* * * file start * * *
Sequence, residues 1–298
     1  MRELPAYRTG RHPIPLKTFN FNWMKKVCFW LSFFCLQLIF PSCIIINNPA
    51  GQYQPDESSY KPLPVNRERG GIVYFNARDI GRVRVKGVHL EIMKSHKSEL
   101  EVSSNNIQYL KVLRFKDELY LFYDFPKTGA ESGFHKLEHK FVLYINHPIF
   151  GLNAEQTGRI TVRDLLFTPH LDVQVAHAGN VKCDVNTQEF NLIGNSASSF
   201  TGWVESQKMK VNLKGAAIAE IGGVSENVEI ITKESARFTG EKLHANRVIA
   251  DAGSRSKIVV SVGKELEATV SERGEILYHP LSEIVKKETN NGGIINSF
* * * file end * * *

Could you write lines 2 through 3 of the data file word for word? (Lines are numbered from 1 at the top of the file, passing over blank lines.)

     1  MRELPAYRTG RHPIPLKTFN FNWMKKVCFW LSFFCLQLIF PSCIIINNPA
    51  GQYQPDESSY KPLPVNRERG GIVYFNARDI GRVRVKGVHL EIMKSHKSEL